” A Black business doing business with the first Black nation in our hemisphere, connecting Black businesses around the world.”– Adarian Lherrison, Founder of Javae Coffee and Tea
Javae Coffee and Tea is on a mission to flip global commerce as we know it, through coffee. Growing coffee is a revolutionary act. Coffee is one of the largest traded commodities in the world and one that relies on poor Black and brown people pulling it from the ground to sell to affluent — mostly white and Asian — people. Javae grows over 30,000 pounds of coffee annually on Adarian Lherisson’s 64 acre family farm, in the mountains of Haiti — as they’ve been done for 87 years. Those 30,000 pounds are exported globally for wholesale and even retail, in select cities. Adarian Lherison happens to be a Black man and HBCU graduate (Tennessee State University). His business model profits Black people in America and uplifts the first Black nation in the West, Haiti. Javae owes its existence equally to Adarian’s entrepreneurial genius and pure fate.
“gou rich la”“The flavor is rich” in Haitian creole
There are levels to coffee. The cheap stuff at the gas station is not what we’re discussing right now. The very best coffees are grown in high altitudes at low pressure — rich conditions that one would find on a mountain in Haiti. Javae Coffee is luxurious to the taste buds; the primary flavor notes are smoked honey, fine chocolate followed by a lingering hint of caramel and spice. A scientific approach was used to find the very best way to roast Javae Coffee, a process that Adarian has since licensed and is exclusive to the company. Jamaican, Columbian and Ethiopian coffees all have their own, distinct taste. Haitian coffee does as well, which Javae Coffee has perfectly captured for consumers across the globe. The methodical approach the company takes to capture that perfection is one that only an engineer could — Adarian happens to be one.
“The mountain thanks you”Common mountain saying
Adarian spent 12 years in corporate America as an electrical engineer. Coffee had always been a part of his life but the road to selling it wasn’t obvious. Adarian is the son of a Haitian immigrant, his father left Haiti in 1960 as a political refugee. Regime change on the island forced much of his family to seek refuge in the States, others were simply murdered by the government — a fact Adarian was unaware of growing up in New York City. After his parents divorced, Adarian and his mother settled in Nashville, where he became painfully aware of his Blackness and the need to advance Black communities in the States as well as in the Caribbean. He worked his way through TSU as an entrepreneur and graduated with a dual engineering degree. Adarian eventually landed in consulting, where he needed an edge to land clients. His family in Haiti had always sent him care packages, complete with Haitian coffee. Adarian began bringing the coffee to client meetings and instantly they stopped talking business and only wanted to discuss coffee. Coffee had always been a part of his life and between his restlessness at work and the reception his Haitian coffee was receiving from clients, Adarian wanted to pursue it fully.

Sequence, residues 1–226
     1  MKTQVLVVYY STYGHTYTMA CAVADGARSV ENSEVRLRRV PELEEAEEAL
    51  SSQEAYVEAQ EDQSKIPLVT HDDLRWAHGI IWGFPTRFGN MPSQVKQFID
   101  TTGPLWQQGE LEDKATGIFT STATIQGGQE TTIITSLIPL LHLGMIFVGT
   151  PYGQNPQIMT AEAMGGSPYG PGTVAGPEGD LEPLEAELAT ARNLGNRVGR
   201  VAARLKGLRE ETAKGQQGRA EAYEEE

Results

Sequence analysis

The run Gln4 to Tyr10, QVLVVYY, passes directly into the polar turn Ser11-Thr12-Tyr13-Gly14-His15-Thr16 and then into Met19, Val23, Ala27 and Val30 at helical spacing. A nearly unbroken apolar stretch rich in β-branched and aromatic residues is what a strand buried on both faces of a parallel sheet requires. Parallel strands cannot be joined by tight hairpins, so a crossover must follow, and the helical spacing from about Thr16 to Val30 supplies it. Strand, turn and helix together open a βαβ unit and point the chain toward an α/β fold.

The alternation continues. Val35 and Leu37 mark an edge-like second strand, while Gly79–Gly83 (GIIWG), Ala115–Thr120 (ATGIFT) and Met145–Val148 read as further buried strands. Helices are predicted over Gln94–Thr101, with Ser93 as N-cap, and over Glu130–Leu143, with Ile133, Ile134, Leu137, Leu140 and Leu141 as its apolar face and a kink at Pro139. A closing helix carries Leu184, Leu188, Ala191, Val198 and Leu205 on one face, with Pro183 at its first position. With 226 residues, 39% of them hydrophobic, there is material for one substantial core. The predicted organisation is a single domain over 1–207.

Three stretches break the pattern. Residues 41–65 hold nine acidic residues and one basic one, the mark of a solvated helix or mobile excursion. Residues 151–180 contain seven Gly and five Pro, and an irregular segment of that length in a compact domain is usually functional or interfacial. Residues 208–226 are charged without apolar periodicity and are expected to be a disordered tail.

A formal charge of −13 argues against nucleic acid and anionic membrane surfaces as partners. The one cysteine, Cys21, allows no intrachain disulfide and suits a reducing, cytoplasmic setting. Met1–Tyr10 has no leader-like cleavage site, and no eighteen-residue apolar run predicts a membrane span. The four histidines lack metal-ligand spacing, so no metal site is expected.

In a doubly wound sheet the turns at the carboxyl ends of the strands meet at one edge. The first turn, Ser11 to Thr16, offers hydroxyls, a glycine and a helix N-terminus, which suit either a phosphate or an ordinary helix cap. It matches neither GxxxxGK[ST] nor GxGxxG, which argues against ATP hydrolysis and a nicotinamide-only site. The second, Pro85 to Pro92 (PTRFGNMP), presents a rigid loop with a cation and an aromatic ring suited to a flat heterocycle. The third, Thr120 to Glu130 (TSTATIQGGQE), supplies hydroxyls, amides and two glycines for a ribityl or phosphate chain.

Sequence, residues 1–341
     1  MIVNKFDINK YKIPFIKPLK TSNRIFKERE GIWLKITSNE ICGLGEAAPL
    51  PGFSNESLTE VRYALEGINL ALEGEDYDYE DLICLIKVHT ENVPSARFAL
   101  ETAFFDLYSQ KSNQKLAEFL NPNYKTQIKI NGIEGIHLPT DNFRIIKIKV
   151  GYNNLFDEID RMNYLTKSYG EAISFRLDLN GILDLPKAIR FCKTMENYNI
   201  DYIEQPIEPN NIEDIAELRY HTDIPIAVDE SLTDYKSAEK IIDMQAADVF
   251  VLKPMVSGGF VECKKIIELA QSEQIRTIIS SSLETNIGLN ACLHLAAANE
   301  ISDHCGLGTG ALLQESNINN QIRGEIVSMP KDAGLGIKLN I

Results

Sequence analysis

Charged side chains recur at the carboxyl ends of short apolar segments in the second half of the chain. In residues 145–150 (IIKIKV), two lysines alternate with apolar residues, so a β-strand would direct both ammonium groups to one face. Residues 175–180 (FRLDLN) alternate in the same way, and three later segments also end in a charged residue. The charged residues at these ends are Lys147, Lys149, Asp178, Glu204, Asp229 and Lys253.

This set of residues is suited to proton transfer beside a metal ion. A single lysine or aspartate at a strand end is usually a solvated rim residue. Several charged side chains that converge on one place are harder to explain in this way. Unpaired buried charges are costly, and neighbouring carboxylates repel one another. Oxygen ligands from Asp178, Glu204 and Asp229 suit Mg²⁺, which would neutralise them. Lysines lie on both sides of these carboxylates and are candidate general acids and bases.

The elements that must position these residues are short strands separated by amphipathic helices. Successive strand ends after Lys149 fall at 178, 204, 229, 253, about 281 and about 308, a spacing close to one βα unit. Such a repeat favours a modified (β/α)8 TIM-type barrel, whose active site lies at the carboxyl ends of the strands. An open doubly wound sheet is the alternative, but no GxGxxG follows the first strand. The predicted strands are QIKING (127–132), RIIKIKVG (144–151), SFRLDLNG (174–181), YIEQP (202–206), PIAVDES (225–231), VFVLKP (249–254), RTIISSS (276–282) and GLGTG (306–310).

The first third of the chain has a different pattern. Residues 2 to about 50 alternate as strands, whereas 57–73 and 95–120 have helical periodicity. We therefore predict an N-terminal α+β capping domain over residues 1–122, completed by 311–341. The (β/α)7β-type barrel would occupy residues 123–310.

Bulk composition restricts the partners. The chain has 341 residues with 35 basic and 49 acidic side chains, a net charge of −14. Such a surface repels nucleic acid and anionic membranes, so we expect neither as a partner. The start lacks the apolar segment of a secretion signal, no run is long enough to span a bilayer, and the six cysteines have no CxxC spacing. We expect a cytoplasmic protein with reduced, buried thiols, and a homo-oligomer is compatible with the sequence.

Adarian traveled for 2 years, studying coffee culture and the processes behind producing it. He also became aware of the disparity in wealth between Black and brown coffee growers and their consumers. He took a trip to Haiti and paid a local to be his interpreter. Adarian eventually found himself high on a Haitian mountain, overlooking the sea. At the end of his tour the guide introduced Adarian to a group of locals, who brought Adarian a care package that looked very familiar — it was identical to the ones he’d received his entire life! Adarian was face to face with his family in Haiti, whom he’d never known personally. He was face to face with the people who, for 87 years, had grown the richest coffee he’d ever tasted. They’d sold a good deal of their land and were trying to hold on to what was left, 64 acres. Adarian bought the land from them and began employing his family to grow coffee, as they’d done for generations.
Today Javae Coffee and Tea literally spans the globe, actively investing in Haiti and Black communities in America with each dollar earned. Adarian’s biggest client, in fact, is a group of Black people in Vancouver, Canada. It is truly Black business, on an international scale — Black people in Haiti grow coffee that is sold by a Black American, to Black Canadians. Javae Coffee can be found in retail outlets in Atlanta, Birmingham and Nashville. It is also sold online, at the Javae Coffee website. Javae literally means “To go and agree” in Haitian patois, spoken in the mountain region. Javae reflects universal Black business on the most powerful and grand scale and is a company worth supporting.